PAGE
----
March 02, 2015
Teddy Roosevelt did it. So did General George Armstrong Custer. Now over 100 years later, a few Wisconsin hunters can say they've hunted wolves using dogs too.
The hunt was approved by the Wisconsin legislature in the spring of 2012, although a Dane County judge in Madison, the state's capital, soon issued an injunction stopping it. In January of 2013 the injunction was lifted however, and 10 months later on Dec. 2, 2013 hound hunters were allowed to drop their dogs on wolf tracks. Wisconsin is the only state in the Union that allows the hunting of wolves with dogs.
Prior to Dec. 2, the wolf hunting and trapping season had been open in Wisconsin, but it wasn't legal to use dogs. However, by that date the quotas in five of the six wolf hunting zones had been met through trapping and other forms of hunting, stopping any additional wolf harvest in those zones. Zone 3 though, in the remote northwest corner of the state had a total quota of 71 wolves that hadn't yet been reached, making it legal to hunt with hounds.
The hunt ended on Dec. 23 when the quota was reached with most of the wolves having been taken with the use of dogs. The state had a total quota of 251 wolves from an overwinter population between 809 to 834.
Although this hunt was controversial among both anti-hunters and some active hunters who compared it to dog fighting, most hound hunters disagreed. Those opposed to the hunt felt wolves would kill or injure dogs as has been documented in the past.
Wisconsin law reimbursed hound hunters who had dogs killed or injured by wolves while hunting bears, similar to how it reimbursed farmers who lost other types of domestic animals to wolves. During the wolf hunt though, the law was clear in stating hunters would not be reimbursed if they lost dogs while intentionally hunting wolves.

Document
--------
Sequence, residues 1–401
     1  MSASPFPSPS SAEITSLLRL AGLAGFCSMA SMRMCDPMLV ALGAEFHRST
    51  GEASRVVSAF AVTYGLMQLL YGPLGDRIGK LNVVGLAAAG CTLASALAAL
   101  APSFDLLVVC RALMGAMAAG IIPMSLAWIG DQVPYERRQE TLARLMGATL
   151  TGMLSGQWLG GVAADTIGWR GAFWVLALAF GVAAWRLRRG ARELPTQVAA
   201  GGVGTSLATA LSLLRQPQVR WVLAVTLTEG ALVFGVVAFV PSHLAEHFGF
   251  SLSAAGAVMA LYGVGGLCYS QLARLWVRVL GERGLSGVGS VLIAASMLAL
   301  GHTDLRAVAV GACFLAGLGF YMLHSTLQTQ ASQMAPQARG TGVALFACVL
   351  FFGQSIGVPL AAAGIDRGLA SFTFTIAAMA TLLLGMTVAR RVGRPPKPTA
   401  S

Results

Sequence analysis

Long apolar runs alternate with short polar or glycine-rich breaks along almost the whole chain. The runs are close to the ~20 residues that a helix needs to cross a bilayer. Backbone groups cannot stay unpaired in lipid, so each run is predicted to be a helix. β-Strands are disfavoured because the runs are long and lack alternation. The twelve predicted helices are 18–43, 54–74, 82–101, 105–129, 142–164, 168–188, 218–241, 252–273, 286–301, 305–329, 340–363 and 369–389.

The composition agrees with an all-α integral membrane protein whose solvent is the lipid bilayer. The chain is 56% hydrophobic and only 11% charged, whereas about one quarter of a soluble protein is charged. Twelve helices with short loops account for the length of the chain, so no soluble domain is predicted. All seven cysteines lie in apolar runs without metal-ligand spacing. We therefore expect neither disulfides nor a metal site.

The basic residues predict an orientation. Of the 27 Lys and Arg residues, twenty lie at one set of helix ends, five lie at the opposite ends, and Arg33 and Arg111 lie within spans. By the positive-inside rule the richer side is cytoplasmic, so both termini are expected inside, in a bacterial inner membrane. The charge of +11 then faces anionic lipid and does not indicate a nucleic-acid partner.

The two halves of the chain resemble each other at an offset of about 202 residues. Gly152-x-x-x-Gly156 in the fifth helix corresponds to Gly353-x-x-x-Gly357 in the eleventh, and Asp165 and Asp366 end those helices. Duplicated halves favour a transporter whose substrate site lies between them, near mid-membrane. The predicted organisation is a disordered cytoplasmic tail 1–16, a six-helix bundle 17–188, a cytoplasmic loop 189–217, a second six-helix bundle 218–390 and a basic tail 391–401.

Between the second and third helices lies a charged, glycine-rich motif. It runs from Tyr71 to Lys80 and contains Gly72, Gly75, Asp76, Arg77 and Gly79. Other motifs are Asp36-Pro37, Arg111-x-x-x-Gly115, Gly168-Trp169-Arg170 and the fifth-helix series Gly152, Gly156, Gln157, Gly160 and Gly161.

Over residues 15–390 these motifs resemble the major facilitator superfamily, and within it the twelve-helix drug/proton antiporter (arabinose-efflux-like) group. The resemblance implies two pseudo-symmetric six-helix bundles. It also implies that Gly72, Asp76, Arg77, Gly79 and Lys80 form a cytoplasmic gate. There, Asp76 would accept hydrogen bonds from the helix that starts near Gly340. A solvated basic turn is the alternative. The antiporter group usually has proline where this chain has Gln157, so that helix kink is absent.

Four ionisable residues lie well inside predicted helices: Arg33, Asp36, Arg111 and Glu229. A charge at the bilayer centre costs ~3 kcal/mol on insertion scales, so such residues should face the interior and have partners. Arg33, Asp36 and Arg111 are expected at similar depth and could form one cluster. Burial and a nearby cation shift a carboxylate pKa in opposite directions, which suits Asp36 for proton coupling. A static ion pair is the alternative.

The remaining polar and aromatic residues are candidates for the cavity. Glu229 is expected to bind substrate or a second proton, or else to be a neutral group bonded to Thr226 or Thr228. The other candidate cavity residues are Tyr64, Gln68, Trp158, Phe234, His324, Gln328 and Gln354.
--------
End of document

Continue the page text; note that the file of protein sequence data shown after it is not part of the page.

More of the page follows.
Others feared packs of hounds may actually kill the wolves, which has happened before. During wolf hunts in Roosevelt's time, big, long-legged wolfhounds and staghounds were used to hunt wolves in more open western states. In those times and places it had been documented dogs did run down and kill wolves.
The Hound Crew
Jay and Jake Johnson are brothers who have a long history of hunting coyotes, bobcats and bears with their hounds. Surprisingly, both drew wolf tags last year and since they didn't share the concerns others did and hunted in Zone 3, they intended to pursue wolves as soon as they legally could. In the absence of any modern wolf hunts to draw conclusions from, there was a lot of speculation from both sides, but nothing else. However, by the end of the December season, both hunters were able to shed some light on the question.
Jay, Jake and their friends have a reputation of working hard and playing hard. That also includes taking their hunting and the care of their dogs seriously. They simply wouldn't put their dogs in a situation where there's a strong possibility they could be killed or injured. As Jay says, "there are risks when my kids play football too, but it's a risk I accept."
The brothers use trailing hounds when hunting and planned to use the same dogs they use on bears and coyotes on the wolves. Experienced hunters, they knew the December hunt wasn't the time to worry about wolves injuring their hounds.
"Our biggest concern over having a bad encounter with a wolf isn't during the December hunting season, it's during the bear season (bear dog training season opens on July 1 and hunting season starts in early September), especially if we get near a wolf rendezvous site when hunting bears," said Jay.
Rendezvous sites are locations where pups are left for long periods of time while the adults are hunting. These sites are used from mid-June until early fall, long before the wolf pups are strong enough to keep up with the pack. Understandably, wolves are very protective of their young during this time of the year.
"We're not going to release our dogs on the tracks of multiple wolves, we look for one animal. Single wolves aren't as bold as a pack of wolves will be. When we released our dogs, which are basically athletes doing what they've been bred to do, we expected them to bay up the wolf just like they do with a bear that doesn't tree," Jay continued.
Baying up is a term used by hound hunters when an animal holds its ground as the dogs circle it. "That's exactly what's happened this year with the wolves. None of our dogs were hurt during the chase nor was the wolf bit by the dogs before the animal was killed," Jake added. "In fact, the dogs stayed further away from the wolf than they did when they've had a bear bayed up."
The Johnson boys traditionally use Walker hounds. "These aren't fighting dogs, they're family-raised pets. The smaller dogs in the 40- to 50-pound range were the ones that caught and bayed up the wolves," said Jake.